Hannah Senesh

How this Hungarian Jew became a national heroine of Israel.

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Katharine Senesh, who escaped from the infamous Budapest "Death March," hid in that city until its liberation by the Soviet forces in January 1945. Having immigrated to Palestine where she joined her surviving child, Giora, she became an instrumental part of the Hannah Senesh legend, based on her daughter's courageous life and death, brought to public knowledge by fifteen editions of her daughters diary, poetry, and plays, that have since been published in Hebrew.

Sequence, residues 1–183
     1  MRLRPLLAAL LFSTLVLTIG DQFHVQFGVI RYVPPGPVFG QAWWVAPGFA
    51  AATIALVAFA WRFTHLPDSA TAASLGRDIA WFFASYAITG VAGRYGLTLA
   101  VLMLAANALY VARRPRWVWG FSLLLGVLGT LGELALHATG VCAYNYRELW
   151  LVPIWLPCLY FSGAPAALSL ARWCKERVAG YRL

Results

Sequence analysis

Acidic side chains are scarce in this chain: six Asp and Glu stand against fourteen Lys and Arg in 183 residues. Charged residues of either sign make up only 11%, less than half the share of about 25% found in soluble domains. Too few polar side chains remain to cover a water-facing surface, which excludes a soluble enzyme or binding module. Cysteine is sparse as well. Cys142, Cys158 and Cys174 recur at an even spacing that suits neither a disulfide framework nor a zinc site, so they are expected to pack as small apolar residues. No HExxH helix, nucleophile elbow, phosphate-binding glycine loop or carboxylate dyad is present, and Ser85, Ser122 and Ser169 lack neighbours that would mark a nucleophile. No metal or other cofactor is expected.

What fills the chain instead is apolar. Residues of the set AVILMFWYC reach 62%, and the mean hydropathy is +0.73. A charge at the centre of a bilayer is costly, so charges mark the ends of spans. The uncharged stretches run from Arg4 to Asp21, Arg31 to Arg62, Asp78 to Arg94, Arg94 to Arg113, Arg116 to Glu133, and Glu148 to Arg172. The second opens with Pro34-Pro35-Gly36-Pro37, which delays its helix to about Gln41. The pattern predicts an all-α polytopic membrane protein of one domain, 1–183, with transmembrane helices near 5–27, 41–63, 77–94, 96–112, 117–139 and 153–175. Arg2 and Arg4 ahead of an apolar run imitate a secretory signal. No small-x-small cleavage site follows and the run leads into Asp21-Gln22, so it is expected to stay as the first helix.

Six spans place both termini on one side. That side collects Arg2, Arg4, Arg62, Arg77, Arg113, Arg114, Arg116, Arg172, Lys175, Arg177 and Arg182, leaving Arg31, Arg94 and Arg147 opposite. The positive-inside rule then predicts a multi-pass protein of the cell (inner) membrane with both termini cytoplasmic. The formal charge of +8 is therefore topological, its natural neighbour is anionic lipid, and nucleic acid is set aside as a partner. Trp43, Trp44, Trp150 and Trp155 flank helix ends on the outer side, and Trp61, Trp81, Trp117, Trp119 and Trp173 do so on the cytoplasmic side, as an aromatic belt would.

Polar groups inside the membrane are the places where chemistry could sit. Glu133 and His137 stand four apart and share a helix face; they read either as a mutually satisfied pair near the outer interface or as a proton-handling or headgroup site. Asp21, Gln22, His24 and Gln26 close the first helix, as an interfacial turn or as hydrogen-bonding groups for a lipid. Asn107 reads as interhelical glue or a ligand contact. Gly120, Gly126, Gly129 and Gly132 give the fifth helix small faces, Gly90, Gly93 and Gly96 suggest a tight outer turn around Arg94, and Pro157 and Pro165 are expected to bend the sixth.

In 1950 Hannah Senesh's remains were brought to Israel where they were buried in the "Parachutists' section" in the military cemetery on Mt. Herzl in Jerusalem. In the same year a kibbutz was founded and called Yad Hannah in her memory.

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Judith  Tydor Baumel

Judith Tydor Baumel chairs the Graduate Program in Contemporary Jewry at Bar-Ilan University where she is a professor of modern Jewish history. She has published extensively on the Holocaust, the State of Israel, gender and memory.